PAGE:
What is network security and who suffers DDoS attacks?
Network security starts with having a well-protected network
This means keeping intruders out, and continuously scanning for potential breaches, malware and flagging those attempted compromises. One of the biggest threats increasing in popularity is a very specific type of attack called distributed denial of service (DDoS) attacks. These attacks are targeted at your internet servers, including web and database servers, and are designed to flood random traffic so that the servers can’t respond to legitimate users’ queries.
They are very easy to mount, and without the right tools, very hard to prevent. DDoS attacks typically make use of two different cloud-based services that are easily available and for very low cost (less than $100/month in many circumstances). These services offer multiple attack vectors and the ability to target whomever you wish. This puts cloud security and web security both firmly in the spotlight, since lapses in these two areas can make the potential for a DDoS attack more likely, and to potentially weaken your overall network security.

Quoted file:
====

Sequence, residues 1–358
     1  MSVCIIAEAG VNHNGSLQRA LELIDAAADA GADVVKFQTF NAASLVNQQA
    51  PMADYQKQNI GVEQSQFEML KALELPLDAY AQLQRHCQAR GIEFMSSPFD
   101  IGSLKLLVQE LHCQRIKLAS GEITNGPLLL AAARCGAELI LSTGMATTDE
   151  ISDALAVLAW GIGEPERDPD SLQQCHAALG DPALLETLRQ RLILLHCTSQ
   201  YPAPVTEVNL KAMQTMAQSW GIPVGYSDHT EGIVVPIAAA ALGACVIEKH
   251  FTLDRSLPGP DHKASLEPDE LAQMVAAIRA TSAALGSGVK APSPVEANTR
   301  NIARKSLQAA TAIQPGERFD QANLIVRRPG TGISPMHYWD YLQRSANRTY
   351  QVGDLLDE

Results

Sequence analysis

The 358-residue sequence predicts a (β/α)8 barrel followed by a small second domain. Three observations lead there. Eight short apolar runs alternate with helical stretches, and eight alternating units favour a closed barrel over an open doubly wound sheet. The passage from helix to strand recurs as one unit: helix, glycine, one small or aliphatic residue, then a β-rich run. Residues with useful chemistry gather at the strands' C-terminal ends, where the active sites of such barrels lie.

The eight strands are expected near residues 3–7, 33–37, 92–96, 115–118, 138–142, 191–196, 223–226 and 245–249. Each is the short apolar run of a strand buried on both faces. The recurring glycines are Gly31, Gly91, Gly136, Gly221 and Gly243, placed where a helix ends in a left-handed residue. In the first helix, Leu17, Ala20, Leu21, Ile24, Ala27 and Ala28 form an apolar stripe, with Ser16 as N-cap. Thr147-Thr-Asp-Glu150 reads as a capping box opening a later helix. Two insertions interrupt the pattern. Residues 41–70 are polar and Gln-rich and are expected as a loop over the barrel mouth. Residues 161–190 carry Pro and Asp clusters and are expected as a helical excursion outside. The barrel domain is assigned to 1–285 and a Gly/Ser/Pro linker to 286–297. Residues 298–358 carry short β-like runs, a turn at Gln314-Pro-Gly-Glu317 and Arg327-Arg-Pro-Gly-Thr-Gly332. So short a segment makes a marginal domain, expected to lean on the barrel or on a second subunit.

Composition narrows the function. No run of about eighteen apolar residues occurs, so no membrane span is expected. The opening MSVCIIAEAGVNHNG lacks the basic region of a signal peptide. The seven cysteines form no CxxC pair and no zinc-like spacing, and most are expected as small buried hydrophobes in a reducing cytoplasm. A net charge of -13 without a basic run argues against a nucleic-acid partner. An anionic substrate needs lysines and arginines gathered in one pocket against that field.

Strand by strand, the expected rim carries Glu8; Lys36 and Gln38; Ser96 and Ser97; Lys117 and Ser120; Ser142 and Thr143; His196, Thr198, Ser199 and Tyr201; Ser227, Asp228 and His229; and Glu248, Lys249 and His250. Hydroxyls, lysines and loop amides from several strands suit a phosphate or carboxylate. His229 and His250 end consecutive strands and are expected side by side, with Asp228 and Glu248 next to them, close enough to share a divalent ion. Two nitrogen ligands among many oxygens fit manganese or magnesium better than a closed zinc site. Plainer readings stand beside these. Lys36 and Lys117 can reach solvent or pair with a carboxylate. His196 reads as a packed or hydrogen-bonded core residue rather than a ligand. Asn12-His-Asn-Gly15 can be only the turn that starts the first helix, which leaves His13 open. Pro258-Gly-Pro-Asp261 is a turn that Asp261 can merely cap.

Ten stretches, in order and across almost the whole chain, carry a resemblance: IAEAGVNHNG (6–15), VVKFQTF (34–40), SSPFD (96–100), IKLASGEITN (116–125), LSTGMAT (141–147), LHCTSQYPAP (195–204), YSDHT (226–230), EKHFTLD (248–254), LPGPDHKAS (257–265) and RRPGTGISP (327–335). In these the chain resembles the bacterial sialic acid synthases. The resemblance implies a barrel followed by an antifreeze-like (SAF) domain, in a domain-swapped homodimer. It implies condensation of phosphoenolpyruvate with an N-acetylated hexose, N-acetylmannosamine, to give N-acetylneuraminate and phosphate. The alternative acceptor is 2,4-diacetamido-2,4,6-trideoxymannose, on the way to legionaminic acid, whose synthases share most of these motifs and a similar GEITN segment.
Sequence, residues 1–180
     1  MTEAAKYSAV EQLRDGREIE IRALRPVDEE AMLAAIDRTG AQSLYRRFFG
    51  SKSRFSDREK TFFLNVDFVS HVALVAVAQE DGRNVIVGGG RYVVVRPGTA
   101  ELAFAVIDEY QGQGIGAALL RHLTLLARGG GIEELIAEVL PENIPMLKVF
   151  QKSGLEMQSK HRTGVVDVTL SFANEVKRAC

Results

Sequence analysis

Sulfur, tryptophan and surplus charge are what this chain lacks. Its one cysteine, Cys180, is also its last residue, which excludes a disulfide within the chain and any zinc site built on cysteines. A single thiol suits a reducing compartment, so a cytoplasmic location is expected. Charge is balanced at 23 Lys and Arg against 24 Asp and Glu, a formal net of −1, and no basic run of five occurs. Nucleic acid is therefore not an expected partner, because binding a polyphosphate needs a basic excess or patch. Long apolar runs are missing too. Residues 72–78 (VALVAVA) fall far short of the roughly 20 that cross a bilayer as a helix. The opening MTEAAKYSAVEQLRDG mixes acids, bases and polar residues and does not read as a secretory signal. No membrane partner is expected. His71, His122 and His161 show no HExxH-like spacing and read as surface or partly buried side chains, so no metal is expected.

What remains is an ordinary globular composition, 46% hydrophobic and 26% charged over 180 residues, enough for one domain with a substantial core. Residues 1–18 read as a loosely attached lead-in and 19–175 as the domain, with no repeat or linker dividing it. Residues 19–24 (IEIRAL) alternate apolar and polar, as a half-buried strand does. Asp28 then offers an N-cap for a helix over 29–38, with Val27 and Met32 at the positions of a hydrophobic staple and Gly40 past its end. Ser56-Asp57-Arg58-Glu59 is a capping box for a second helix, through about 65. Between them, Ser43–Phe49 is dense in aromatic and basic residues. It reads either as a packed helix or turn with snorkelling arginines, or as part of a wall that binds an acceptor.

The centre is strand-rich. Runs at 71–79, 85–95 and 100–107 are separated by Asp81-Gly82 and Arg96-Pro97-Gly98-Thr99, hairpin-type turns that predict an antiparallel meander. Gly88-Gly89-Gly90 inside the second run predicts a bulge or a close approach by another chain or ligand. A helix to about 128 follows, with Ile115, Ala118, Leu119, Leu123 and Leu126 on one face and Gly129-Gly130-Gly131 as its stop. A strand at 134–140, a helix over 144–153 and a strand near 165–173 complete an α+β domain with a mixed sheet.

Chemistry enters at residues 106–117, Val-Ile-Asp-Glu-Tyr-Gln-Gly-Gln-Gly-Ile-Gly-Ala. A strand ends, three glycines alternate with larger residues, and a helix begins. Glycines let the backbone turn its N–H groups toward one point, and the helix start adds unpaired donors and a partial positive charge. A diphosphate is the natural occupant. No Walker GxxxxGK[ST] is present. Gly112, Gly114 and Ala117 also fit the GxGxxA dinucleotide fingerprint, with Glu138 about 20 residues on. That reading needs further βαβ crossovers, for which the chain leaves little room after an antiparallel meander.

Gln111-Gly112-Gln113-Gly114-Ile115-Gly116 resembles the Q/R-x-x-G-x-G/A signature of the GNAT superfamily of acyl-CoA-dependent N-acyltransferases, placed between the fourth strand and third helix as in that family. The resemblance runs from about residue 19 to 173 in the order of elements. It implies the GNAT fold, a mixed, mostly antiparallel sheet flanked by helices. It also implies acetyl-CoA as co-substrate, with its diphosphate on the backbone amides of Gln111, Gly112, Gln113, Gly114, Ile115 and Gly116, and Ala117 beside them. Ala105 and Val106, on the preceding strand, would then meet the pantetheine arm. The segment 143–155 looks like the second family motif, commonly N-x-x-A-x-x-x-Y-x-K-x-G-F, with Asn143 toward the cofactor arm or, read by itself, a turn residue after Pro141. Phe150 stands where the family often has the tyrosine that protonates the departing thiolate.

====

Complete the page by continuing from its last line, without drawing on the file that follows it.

This ease of use is one reason why A10 Networks DDoS Threat Report for 2022 found that more than 15 million unique DDoS weapons were discovered during 2021, almost tripling in size from three years ago. The Russia-Ukraine war brought new instances of state-sponsored DDoS attacks on critical infrastructure and challenges to network security such as utilities and transportation services.
The DDoS attack is assembled from an army of automated bots that is orchestrated by the attacker, often from many thousands of computers located across the world. The distribution of attackers – or computers using a botnet attack vector — makes it harder to stop the attack and also harder to identify the source and identity of the coordinator.